Greathouse v. Meddaugh et al

Filing 15

MEMORANDUM-DECISION and ORDER: ORDERED that 1. Defendants' 9 motion to dismiss is GRANTED; 2. Plaintiff's complaint is DISMISSED; 3. Plaintiff shall have thirty days from the date of this decision in which to file an amended complai nt; and 3. If plaintiff does not file an amended complaint within this time period, the Clerk of the Court is directed to enter a judgment dismissing the complaint and close the file without further Order of this Court. Signed by Judge David N. Hurd on May 5, 2022. (nas)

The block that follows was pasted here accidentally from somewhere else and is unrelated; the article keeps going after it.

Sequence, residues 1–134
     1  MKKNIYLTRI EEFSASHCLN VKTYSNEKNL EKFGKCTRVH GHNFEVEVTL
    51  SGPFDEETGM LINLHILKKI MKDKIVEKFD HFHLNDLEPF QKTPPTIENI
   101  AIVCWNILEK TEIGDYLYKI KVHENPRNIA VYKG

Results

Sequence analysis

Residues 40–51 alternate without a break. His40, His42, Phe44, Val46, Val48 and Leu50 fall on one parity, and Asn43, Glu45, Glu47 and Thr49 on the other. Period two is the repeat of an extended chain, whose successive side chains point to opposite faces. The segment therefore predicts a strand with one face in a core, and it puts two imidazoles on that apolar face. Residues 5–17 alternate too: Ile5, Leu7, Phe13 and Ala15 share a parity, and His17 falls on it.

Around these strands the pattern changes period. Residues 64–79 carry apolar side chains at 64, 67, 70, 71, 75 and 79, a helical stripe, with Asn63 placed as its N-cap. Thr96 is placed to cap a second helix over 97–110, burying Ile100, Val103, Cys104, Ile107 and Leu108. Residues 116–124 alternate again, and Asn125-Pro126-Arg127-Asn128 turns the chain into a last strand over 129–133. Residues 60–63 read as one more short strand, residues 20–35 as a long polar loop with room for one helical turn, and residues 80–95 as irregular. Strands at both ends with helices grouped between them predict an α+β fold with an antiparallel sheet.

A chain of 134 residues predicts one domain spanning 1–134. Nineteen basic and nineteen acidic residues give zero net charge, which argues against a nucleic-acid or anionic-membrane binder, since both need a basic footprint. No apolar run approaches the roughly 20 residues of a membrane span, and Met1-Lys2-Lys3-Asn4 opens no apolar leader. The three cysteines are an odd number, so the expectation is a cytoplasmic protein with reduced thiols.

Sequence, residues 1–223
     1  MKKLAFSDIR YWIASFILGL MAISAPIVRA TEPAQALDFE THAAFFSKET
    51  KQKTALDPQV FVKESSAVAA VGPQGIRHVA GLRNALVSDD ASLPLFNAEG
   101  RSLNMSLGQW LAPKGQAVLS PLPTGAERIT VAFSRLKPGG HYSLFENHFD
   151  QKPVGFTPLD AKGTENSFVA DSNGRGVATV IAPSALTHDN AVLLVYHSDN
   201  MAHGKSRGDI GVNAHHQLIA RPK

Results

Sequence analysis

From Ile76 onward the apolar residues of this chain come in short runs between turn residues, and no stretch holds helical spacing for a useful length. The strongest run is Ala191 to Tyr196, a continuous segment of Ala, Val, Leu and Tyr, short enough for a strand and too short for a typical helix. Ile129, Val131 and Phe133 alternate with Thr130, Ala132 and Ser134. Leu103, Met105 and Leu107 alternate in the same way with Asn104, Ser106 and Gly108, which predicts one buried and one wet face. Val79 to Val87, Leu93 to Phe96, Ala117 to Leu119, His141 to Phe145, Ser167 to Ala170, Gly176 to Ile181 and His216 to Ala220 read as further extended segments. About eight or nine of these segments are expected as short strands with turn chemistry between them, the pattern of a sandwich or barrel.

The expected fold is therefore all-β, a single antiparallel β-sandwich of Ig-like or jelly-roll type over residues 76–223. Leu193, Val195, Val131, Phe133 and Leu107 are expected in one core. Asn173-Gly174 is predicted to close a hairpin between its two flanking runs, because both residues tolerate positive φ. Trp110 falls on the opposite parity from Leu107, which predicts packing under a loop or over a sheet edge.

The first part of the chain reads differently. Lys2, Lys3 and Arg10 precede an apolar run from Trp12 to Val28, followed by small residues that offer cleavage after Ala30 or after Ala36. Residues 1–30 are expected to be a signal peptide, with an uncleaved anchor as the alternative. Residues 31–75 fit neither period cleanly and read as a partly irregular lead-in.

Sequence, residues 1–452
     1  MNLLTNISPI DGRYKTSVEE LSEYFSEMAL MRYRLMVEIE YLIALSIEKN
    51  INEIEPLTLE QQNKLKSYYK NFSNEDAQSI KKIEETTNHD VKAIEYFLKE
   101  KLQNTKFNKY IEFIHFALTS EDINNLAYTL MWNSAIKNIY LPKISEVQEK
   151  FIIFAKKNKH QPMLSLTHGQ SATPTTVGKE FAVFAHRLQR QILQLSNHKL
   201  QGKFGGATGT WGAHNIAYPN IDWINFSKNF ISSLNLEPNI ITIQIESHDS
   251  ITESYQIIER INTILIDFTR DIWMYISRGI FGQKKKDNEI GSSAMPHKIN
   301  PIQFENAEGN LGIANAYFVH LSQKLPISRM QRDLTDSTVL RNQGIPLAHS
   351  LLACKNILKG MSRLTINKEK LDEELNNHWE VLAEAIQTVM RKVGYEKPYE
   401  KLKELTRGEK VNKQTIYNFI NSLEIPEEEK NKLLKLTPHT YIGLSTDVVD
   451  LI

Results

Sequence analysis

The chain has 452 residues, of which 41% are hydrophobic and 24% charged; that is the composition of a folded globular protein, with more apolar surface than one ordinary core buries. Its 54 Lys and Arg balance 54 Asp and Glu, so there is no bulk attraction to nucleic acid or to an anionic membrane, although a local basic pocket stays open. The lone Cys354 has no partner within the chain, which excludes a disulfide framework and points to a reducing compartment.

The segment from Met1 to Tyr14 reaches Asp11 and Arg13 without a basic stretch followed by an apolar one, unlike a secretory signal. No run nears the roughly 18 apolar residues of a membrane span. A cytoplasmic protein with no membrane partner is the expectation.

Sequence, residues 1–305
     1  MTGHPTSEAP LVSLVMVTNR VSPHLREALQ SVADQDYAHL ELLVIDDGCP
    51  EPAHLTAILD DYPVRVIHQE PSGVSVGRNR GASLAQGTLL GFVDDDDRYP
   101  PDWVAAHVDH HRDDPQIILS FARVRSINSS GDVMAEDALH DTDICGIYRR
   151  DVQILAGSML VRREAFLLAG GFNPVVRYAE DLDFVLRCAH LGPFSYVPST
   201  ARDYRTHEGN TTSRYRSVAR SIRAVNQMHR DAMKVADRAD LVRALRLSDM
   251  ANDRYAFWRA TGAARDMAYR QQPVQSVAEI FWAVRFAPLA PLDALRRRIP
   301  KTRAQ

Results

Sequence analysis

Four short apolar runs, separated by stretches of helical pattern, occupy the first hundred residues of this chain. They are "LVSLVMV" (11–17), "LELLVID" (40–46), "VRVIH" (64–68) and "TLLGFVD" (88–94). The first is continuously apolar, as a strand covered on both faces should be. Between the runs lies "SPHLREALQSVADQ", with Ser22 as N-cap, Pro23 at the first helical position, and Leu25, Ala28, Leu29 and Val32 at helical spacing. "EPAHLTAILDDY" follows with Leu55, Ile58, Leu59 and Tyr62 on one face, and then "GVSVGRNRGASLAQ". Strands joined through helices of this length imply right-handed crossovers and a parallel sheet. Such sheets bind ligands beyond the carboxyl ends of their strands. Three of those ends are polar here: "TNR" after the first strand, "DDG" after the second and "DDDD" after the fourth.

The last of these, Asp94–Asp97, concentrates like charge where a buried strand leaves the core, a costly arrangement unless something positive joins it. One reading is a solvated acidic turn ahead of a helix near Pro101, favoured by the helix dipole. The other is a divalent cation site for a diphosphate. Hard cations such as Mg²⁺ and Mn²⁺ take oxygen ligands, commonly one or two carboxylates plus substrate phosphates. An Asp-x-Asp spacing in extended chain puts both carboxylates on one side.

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Case 9:21-cv-01223-DNH-TWD Document 15 Filed 05/06/22 Page 1 of 17 UNITED STATES DISTRICT COURT NORTHERN DISTRICT OF NEW YORK -------------------------------LEON GREATHOUSE, Plaintiff, -v- 9:21-CV-1223 SGT. K. MEDDAUGH, RN MARY THOMPSON, OFFICER DRAKE, SORC O’BRIEN, SORC L. O’HARA, SGT. PHILLIPS, and JOHN/JANE DOES 1-4, Defendants. -------------------------------APPEARANCES: OF COUNSEL: RICKNER PLLC Attorneys for Plaintiff 14 Wall Street, Suite 1603 New York, NY 10005 ROBERT RICKNER, ESQ. HON. LETITIA JAMES New York State Attorney General Attorneys for Defendants The Capitol Albany, NY 12224 MATTHEW GALLAGHER, ESQ. Ass’t Attorney General DAVID N. HURD United States District Judge Case 9:21-cv-01223-DNH-TWD Document 15 Filed 05/06/22 Page 2 of 17 MEMORANDUM-DECISION and ORDER I. INTRODUCTION On November 11, 2021, plaintiff Leon Greathouse (“Greathouse” or “plaintiff”), a former prison inmate, filed this 42 U.S.C. § 1983 action alleging that officials employed by the New York State Department of Corrections and Community Supervision (“DOCCS”) violated his Fourteenth Amendment rights during a prison disciplinary hearing that resulted in, inter alia, a twenty-three day delay in his release to parole. Dkt. No. 1. On March 24, 2022, defendants moved under Rule 12(b)(6) of the Federal Rule of Civil Procedure to dismiss the complaint. Dkt. No. 9. The motion has been fully briefed and will be considered on the basis of the submissions without oral argument. II. BACKGROUND On November 29, 2020, Greathouse was housed at Mohawk Correctional Facility in Rome, New York. Compl. ¶ 1. 1 Plaintiff has a “number of underlying medical issues for which he was taking medication.” Id. ¶ 19. At about 4:20 a.m., plaintiff “awoke to a bloody nose and suddenly collapsed onto the floor of his dorm.” Id. ¶ 18. According to plaintiff, the responding staff 1 The complaint becomes mis-numbered beginning after paragraph 10. However, for consistency’s sake, the Court adopts the numbering in the pleading. -2- Case 9:21-cv-01223-DNH-TWD Document 15 Filed 05/06/22 Page 3 of 17 members “made a conclusory determination that [he] was under the influence of an intoxicant” and “immediately restrained and cuffed” him. Id. ¶ 19. Greathouse alleges that defendant Sergeant K. Meddaugh (“Sgt. Meddaugh”) forwarded this “unfound[ed] assumption” about plaintiff’s intoxication to staff at the Walsh Regional Medical Unit (the “RMU”), where plaintiff was taken for observation. Compl. ¶ 20. There, defendant Registered Nurse Mary Thompson (“RN Thompson”) “conducted a visual examination” of plaintiff and concluded “that he was under the influence of an ‘unknown substance.’” Id. ¶ 21. Greathouse denied using any drugs or alcohol, but none of the staff at the RMU believed him. Compl. ¶ 23. Plaintiff alleges that he never received “a full evaluation or physical examination to determine the cause of the medical event.” Id. Further, plaintiff alleges that defendants ignored him when he “expressed concern that he may have experienced some sort of seizure.” Id. Greathouse alleges that neither RN Thompson nor any other DOCCS employee followed DOCCS policies, which required confirmatory “[urinalysis] testing upon any suspicion of intoxication.” Compl. ¶ 22. Instead, defendants “merely stated, without more, that they believed Plaintiff was guilty of this violation.” Id. Plaintiff was eventually released from medical observation a few hours later. Id. ¶ 23. -3- Case 9:21-cv-01223-DNH-TWD Document 15 Filed 05/06/22 Page 4 of 17 On November 30, 2020, Greathouse was issued a disciplinary ticket that accused him of “ingesting intoxicants in violation of the prison’s Rule 113.13.” Compl. ¶ 27. Plaintiff alleges that this disciplinary proceeding violated DOCCS policies. Id. ¶¶ 24–25. As plaintiff explains, DOCCS had suspended “all disciplinary actions regarding intoxication until further notice” because of issues with the reliability of the test used to confirm the presence or absence of drugs. See id. Nevertheless, on December 2 and 3, 2020, Greathouse participated in a disciplinary hearing on misbehavior ticket. Compl. ¶ 28. Plaintiff alleges he was denied his right to call witnesses on his behalf. Id. ¶ 31. In addition, plaintiff alleges he was not allowed to “meaningfully question” RN Thompson “or inquire as to why he was not given a drug test.” Id. ¶ 29. Ultimately, defendant Officer Drake, the hearing officer, found Greathouse guilty of the ticket. Compl. ¶ 32. Plaintiff was sentenced to 30 days of keeplock 2 in the Special Housing Unit (“SHU”). Id. ¶ 33. Plaintiff also lost 60 days of good-time credit. Id. Plaintiff “handwrote an appeal to the Commissioner the same day.” Id. ¶ 32. On December 4, 2020, defendant Supervising Offender Rehabilitation Coordinator (“SORC”) O’Brien (“SORC O’Brien”), at the direction of SORC 2 Keeplock is “a form of administrative segregation in which the inmate is confined to his cell, deprived of participation in normal prison routine, and denied contact with other inmates.” Jenkins v. Haubert, 179 F.3d 19, 21 (2d Cir. 1999) (cleaned up). -4- Case 9:21-cv-01223-DNH-TWD Document 15 Filed 05/06/22 Page 5 of 17 O’Hara, delivered to Greathouse a “Notice of Suspension or Ineligibility of Parole Release” that suspended his January 4, 2021 release date. Id. ¶ 23. On December 17, 2020, defendant Sgt. Phillips notified Greathouse that his “Certificate of Earned Eligibility” had been “denied as a result of [the] disciplinary charges.” Compl. ¶ 35. Plaintiff was released to parole on January 27, 2021, twenty-three days later than planned. Id. ¶ 36. Plaintiff spent the final month of his incarceration in “the ‘box,’ also known as the SHU.” Id. III. LEGAL STANDARD To survive a Rule 12(b)(6) motion to dismiss, the complaint’s factual allegations must be enough to elevate the plaintiff’s right to relief above the level of speculation. Bell Atl. Corp. v. Twombly, 550 U.S. 544, 555 (2007). So while legal conclusions can provide a framework for the complaint, they must be supported with meaningful allegations of fact. Ashcroft v. Iqbal, 556 U.S. 662, 679 (2009). In short, a complaint must contain “enough facts to state a claim to relief that is plausible on its face.” Twombly, 550 U.S. at 570. To assess this plausibility requirement, the court must accept as true all of the factual allegations contained in the complaint and draw all reasonable inferences in the non-movant’s favor. Erickson v. Pardus, 551 U.S. 89, 94 (2007). In doing so, the court generally confines itself to the facts alleged in the pleading, any documents attached to the complaint or incorporated into it -5- Case 9:21-cv-01223-DNH-TWD Document 15 Filed 05/06/22 Page 6 of 17 by reference, and matters of which judicial notice may be taken. Goel v. Bunge, Ltd., 820 F.3d 554, 559 (2d Cir. 2016). IV. DISCUSSION Greathouse’s one-count complaint alleges that defendants denied him due process in connection with the disciplinary hearing and, as a result, he was deprived of his liberty interests in (1) freedom from disciplinary segregation absent sufficient process; and/or (2) release to parole. Compl. ¶¶ 37–42. Defendants contend the complaint must be dismissed because Greathouse has failed to plead a viable claim. Defs.’ Mem., Dkt. No. 9-1 at 6–7. 3 First, defendants argue that relatively short durations of confinement in the SHU do not trigger a protected liberty interest absent plausible allegations of an “atypical and significant hardship.” Id. Second, defendants argue that a prisoner in New York does not have a cognizable liberty interest in release to parole. Id. at 7–8. Third, defendants argue that defendants SORC O’Brien, SORC O’Hara, and Sgt. Phillips were not “personally involved” in any of the alleged misconduct. Id. at 8–10. In opposition, Greathouse contends that he was entitled to confirmatory urinalysis testing under New York’s regulatory scheme before being disciplined under DOCCS rules. Pl.’s Opp’n, Dkt. No. 13 at 7–8. In plaintiff’s 3 Pagination corresponds to CM/ECF. -6- Case 9:21-cv-01223-DNH-TWD Document 15 Filed 05/06/22 Page 7 of 17 view, the fact defendants disciplined him for alleged intoxication despite “the internal prohibition on charges related to intoxication” amounts to “a complete indifference to [his] right to be free from unjust punishment.” Id. at 8. Plaintiff further argues the “atypical and significant hardship” analysis is a fact-bound inquiry that requires discovery. Id. at 8–9. Alternatively, Greathouse contends that he had a distinct liberty interest subject to due process protections arising from his scheduled release to parole. Pl.’s Opp’n at 9–10. Finally, although plaintiff concedes that his claims against defendants SORC O’Brien and SORC O’Hara must be dismissed, Id. at 5 n.1, he maintains that Sgt. Phillips was “personally involved” in the alleged violation because he “personally rescinded” plaintiff’s Certificate of Earned Eligibility despite knowing “that discipline was improper absent confirmatory testing,” Id. at 10. The Fourteenth Amendment prohibits the states from “depriv[ing] any person of life, liberty, or property, without due process of law.” U.S. CONST. amend. XIV, § 1. “Federal courts ‘examine procedural due process questions in two steps: the first asks whether there exists a liberty or property interest which has been interfered with by the State; the second examines whether the procedures attendant upon that deprivation were constitutionally sufficient.’” Francis v. Fiacco, 942 F.3d 126, 141 (2d Cir. 2019) (quoting Ky. Dep’t of Corr. v. Thompson, 490 U.S. 454, 460 (1989)). -7- Case 9:21-cv-01223-DNH-TWD Document 15 Filed 05/06/22 Page 8 of 17 1. Edwards v. Balisok As an initial matter, however, in their reply memorandum defendants assert that Greathouse’s § 1983 procedural due process claim is barred by the Supreme Court’s decision in Edwards v. Balisok, 520 U.S. 641 (1997), which precludes an inmate from asserting a § 1983 claim related to alleged deficiencies in a prison disciplinary hearing unless the sanction has been overturned, either through administrative channels or in a habeas corpus proceeding in state or federal court. See Defs.’ Reply, Dkt. No. 14 at 3–4. In Edwards, the prisoner-plaintiff was found guilty of breaking certain prison rules and sentenced to 10 days in isolation, 20 days in segregation, and the loss of 30 days of good-time credit. 520 U.S. at 643. After his prison administrative appeal failed, the plaintiff filed a § 1983 action alleging that the procedures employed at the prison disciplinary proceeding violated his procedural due process rights. Id. at 644. The Supreme Court rejected the prisoner’s § 1983 claim, concluding it was not cognizable because it would “necessarily imply the invalidity of the punishment imposed.” Id. at 648. If that “implied invalidity” language sounds familiar, it is because the rule adopted by the Supreme Court in Edwards was an outgrowth of two separate strands of existing precedent that sharply limited which § 1983 claims can be brought by prisoner-plaintiffs: Preiser v. Rodriguez, 411 U.S. 475 (1973), and Heck v. Humphrey, 512 U.S. 477 (1994). -8- Case 9:21-cv-01223-DNH-TWD Document 15 Filed 05/06/22 Page 9 of 17 First, in Preiser, state prisoners filed suit under § 1983 seeking injunctive relief to compel the restoration of good-time credit they had lost as a result of prison disciplinary proceedings. 411 US. at 476. The Supreme Court rejected their claim, concluding that when a prisoner challenges “the very fact or duration of his physical imprisonment, the relief he seeks is a determination that he is entitled to immediately release or a speedier release from that imprisonment, his sole federal remedy is a writ of habeas corpus.” Id. at 500. Later, in Heck, a prisoner filed suit under § 1983 seeking money damages against law enforcement officials who had engaged in unlawful acts during his state court prosecution. 512 U.S. at 478–79. The Supreme Court rejected this claim too, reasoning that a § 1983 claim for money damages is not cognizable if “a judgment in favor of the plaintiff would necessarily imply the invalidity of his conviction or sentence” unless the plaintiff can demonstrate the conviction or sentence has been invalidated. Id. at 487. “These cases, taken together, indicate that a state prisoner’s § 1983 action is barred (absent prior invalidation)—no matter the relief sought (damages or equitable relief), no matter the target of the prisoner’s suit (state conduct leading to conviction or internal prison proceedings)—if success in that action would necessarily demonstrate the invalidity of confinement or its duration.” Wilkinson v. Dotson, 544 U.S. 74, 81–82 (2005) (emphasis in original). -9- Case 9:21-cv-01223-DNH-TWD Document 15 Filed 05/06/22 Page 10 of 17 Based on the facts alleged in the complaint, Edwards would likely apply to Greathouse’s § 1983 procedural due process claim. Plaintiff alleges that he was deprived of due process at the prison disciplinary hearing, which resulted in the loss of good-time credit and delayed his release to parole. However, plaintiff has not alleged that the disciplinary hearing has been overturned or otherwise expunged. Absent that kind of showing, plaintiff likely cannot maintain this claim. As the Second Circuit has explained: The case law is clear that when a prisoner’s challenge either to the process or the result of a prison disciplinary proceeding necessarily implies the invalidity of a sanction that affects the duration of his sentence, such as the deprivation of good-time credits, the prisoner may not maintain an action under § 1983 unless he has shown that the sanction (or the procedures that led to it, if the procedural defect at issue was critical to the imposition of the sanction) have been overturned through administrative channels or by a state or federal court. Peralta v. Vasquez, 467 F.3d 98, 100 (2d Cir. 2006). Upon review, however, the Court declines to apply Edwards at this time. There are two reasons for this conclusion. First, defendants failed to raise Edwards in their opening brief, which has deprived Greathouse of an opportunity to distinguish it. Although the precise impact of Edwards might be clear if plaintiff were still in custody at Mohawk or some other DOCCS facility, plaintiff’s complaint alleges he is now on some kind of parole status. - 10 - Case 9:21-cv-01223-DNH-TWD Document 15 Filed 05/06/22 Page 11 of 17 Although Edwards will not bar a claim for which habeas corpus relief is unavailable, a parolee (as Greathouse apparently is) is typically considered “in custody” for the purpose of a habeas proceeding. Webster v. Himmelbach, 271 F. Supp. 3d 458, 469 (W.D.N.Y. 2017); see also Nowakowski v. New York, 835 F.3d 210, 216 (2d Cir. 2016) (“[A] variety of nonconfinement restraints on liberty satisfy the custodial requirement.”). “For challenges to an underlying conviction, courts have found petitioners to be ‘in custody’ for purposes of habeas not only when they are incarcerated but also when they are on parole or supervised release.” Opperisano v. P.O. Jones, 286 F. Supp. 3d 450, 455 n.7 (E.D.N.Y. 2018) (emphasis in original) (collecting cases). “However, petitioners challenging their parole revocation would not appear to be ‘in custody’ for purposes of habeas after release on parole.” Id. Greathouse challenges events that led to a change in the duration of his incarceration on an underlying conviction—he lost good-time credit that delayed his release. That fact pattern would seem to satisfy the “in custody” requirement, which in turn would trigger the requirements of Edwards. And if Edwards applies, plaintiff cannot proceed with this § 1983 claim to the extent that it involves durational sanctions; i.e., the loss of good-time credit and/or his delayed release to parole. However, because this change in plaintiff’s status might well impact the applicability of Edwards, the parties - 11 - Case 9:21-cv-01223-DNH-TWD Document 15 Filed 05/06/22 Page 12 of 17 and the Court would be better served with adversarial briefing on the question before reaching that conclusion. Second, even if Edwards did apply to the facts alleged by Greathouse, the Second Circuit’s holding in Peralta v. Vasquez, 467 F.3d 98 (2006), would still allow him to proceed with his § 1983 procedural due process claim as long as he agreed to limit it to the conditions-of-confinement component of the disciplinary sanction he received: the 30 days he spent in the SHU. In Peralta, the Second Circuit concluded that a prisoner subject to “mixed sanctions” i.e., “sanctions that affect both (a) the duration of his imprisonment and (b) the conditions of his confinement” was still able to “proceed separately, under § 1983, with a challenge to the sanctions affecting his conditions of confinement without satisfying the favorable termination rule.” 467 F.3d at 104. Importantly, however, to do so “the prisoner must abandon, not just now, but also in any future proceeding, any claims he may have with respect to the duration of his confinement that arise out of the proceeding he is attacking in his current § 1983 suit.” Id. “This allowance for forfeiture of duration claims in procedural due process cases brought pursuant to § 1983 has come to be known as a ‘Peralta waiver.’” Balkum v. Leonard, 2020 WL 372914, at *3 (W.D.N.Y. Jan. 23, 2020). “In other words, if a plaintiff forever abandons any claims with respect to the duration of his confinement that arise out of the disciplinary - 12 - Case 9:21-cv-01223-DNH-TWD Document 15 Filed 05/06/22 Page 13 of 17 proceeding challenged, he may pursue a procedural due process claim with respect to that disciplinary proceeding to challenge the conditions of his confinement.” Id. (emphases in original). 2. Liberty Interest However, even if Greathouse agreed to limit his § 1983 procedural due process claim in this manner, it would still be subject to dismissal as it is insufficiently pleaded. “A prisoner’s restricted confinement within a prison does not give rise to a liberty interest, warranting procedural due process protection, unless the conditions and duration of the prisoner’s confinement ‘impose[ ] atypical and significant hardship on the inmate in relation to the ordinary incidents of prison life.’” Sealey v. Giltner, 197 F.3d 578, 583 (2d Cir. 1999) (quoting Sandin v. Conner, 515 U.S. 472, 484 (1995)). “Factors relevant to determining whether the plaintiff endured an ‘atypical and significant hardship’ include the extent to which the conditions of the disciplinary segregation differ from other routine prison conditions and the duration of the disciplinary segregation imposed compared to discretionary confinement.” Davis v. Barrett, 576 F.3d 129, 133 (2d Cir. 2009) (cleaned up). “The Second Circuit has not provided a bright-line rule as to what period of time in segregated confinement implicates a prisoner’s constitutional - 13 - Case 9:21-cv-01223-DNH-TWD Document 15 Filed 05/06/22 Page 14 of 17 rights, but the case law provides helpful guideposts.” Vogelfang v. Capra, 889 F. Supp. 2d 489, 510–11 (S.D.N.Y. 2012). As relevant here, however, the Second Circuit has repeatedly concluded that “restrictive confinements of less than 101 days do not generally raise a liberty interest warranting due process protection, and thus require proof of conditions more onerous than usual.” Davis, 576 F.3d at 133 (citation omitted). Greathouse alleges that he spent 30 days in the SHU as a result of being found guilty on the disciplinary charge. But he does not allege any facts to suggest that this relatively short period of disciplinary segregation posed the kind of “atypical and significant hardship” necessary to trigger a protected liberty interest. See, e.g., Israel v. Bradt, 228 F. Supp. 3d 237, 239 (W.D.N.Y. 2017) (“In line with Second Circuit precedent, district courts within this circuit have repeatedly held that sentences of . . . –two months—do not, absent some unusually harsh conditions, implicate a protected liberty interest.” (collecting cases)). Thus, although Greathouse may be correct that the “atypical and significant hardship” inquiry ultimately involves a fact-bound examination of the conditions of confinement, see, e.g., Sealey, 116 F.3d at 52, on a motion to dismiss the plaintiff must still allege facts that plausibly suggest the relatively short period of confinement at issue—30 days—involved some kind of “atypical and significant hardship.” - 14 - Case 9:21-cv-01223-DNH-TWD Document 15 Filed 05/06/22 Page 15 of 17 3. Parole Status As a final matter, Greathouse contends that he enjoyed a distinct liberty interest arising from his scheduled release to parole. To make this argument, plaintiff relies on Victory v. Pataki, 814 F.3d 47 (2d Cir. 2016), where the Second Circuit analyzed the point at which New York’s statutory parole scheme triggered a protected liberty interest. As relevant here, Victory concluded that, “[u]nlike a mere applicant for parole, a New York inmate who has been granted an open parole release date has a legitimate expectancy of release that is grounded in New York’s regulatory scheme.” Id. at 60. The problem with this argument is twofold. First, Victory’s holding is about the procedural due process owed in the context of a parole rescission hearing, not a prison disciplinary proceeding. See 814 F.3d at 60 (“We therefore conclude that a New York ‘parole grantee has a protectable liberty interest that entitles him to due process in the [Board of Parole’s] parole rescission hearings.’”). Greathouse has not challenged the results of any parole hearing. And the cases citing Victory do not seem to rely on it for the premise advanced by plaintiff here; i.e., that a plaintiff’s liberty interest in parole permits him to proceed on a § 1983 claim related to a prison disciplinary hearing notwithstanding the procedural bar set forth in Edwards and/or the minimal - 15 - Case 9:21-cv-01223-DNH-TWD Document 15 Filed 05/06/22 Page 16 of 17 threshold showing of “atypical and significant hardship” established by the Supreme Court in Sandin. Second, even assuming the logic of Victory authorized an end run around these two Supreme Court precedents, Greathouse has alleged little in the way of facts related to his release to parole. Although he mentions that a Certificate of Earned Eligibility was “denied,” compl. ¶ 35, and his release date was delayed as a result, id. ¶ 34, it is worth noting that even “the receipt of an earned eligibility certificate does not preclude the Board from denying parole, nor does it eliminate the Board’s discretion in making the release decision.” Wills v. Microgenetics Corp., 2021 WL 3516419, at *3 (E.D.N.Y. Aug. 10, 2021) (quoting Wallman v. Travis, 794 N.Y.S.2d 381, 386 (N.Y. App. Div. 1st Dep’t 2005)). Thus, absent some additional factual allegations about how far along in the parole determination process Greathouse was at the time of his unknown medical incident, it is hard to conclude that plaintiff possessed a cognizable liberty interest under the Second Circuit’s reasoning in Victory. 4 Cf. Delaney v. Perez, 2021 WL 3038642, at *4 (S.D.N.Y. July 16, 2021) (extending Victory to a § 1983 claim that prisoner was improperly incarcerated despite being sentenced to parole supervision). 4 Even assuming otherwise, the “flexible, context-dependent approach” to procedural due process claims “makes particularly fertile ground for qualified immunity.” Francis, 942 F.3d at 149. - 16 - Case 9:21-cv-01223-DNH-TWD Document 15 Filed 05/06/22 Page 17 of 17 V. CONCLUSION Greathouse’s complaint must be dismissed. However, because the facts alleged in the complaint suggest that plaintiff might still be able to plead a viable § 1983 procedural due process claim against one or more of the defendants, he will be given leave to amend his complaint. Therefore, it is ORDERED that 1. Defendants’ motion to dismiss is GRANTED; 2. Plaintiff’s complaint is DISMISSED; 3. Plaintiff shall have thirty days from the date of this decision in which to file an amended complaint; and 3. If plaintiff does not file an amended complaint within this time period, the Clerk of the Court is directed to enter a judgment dismissing the complaint and close the file without further Order of this Court. IT IS SO ORDERED. Dated: May 5, 2022 Utica, New York. - 17 -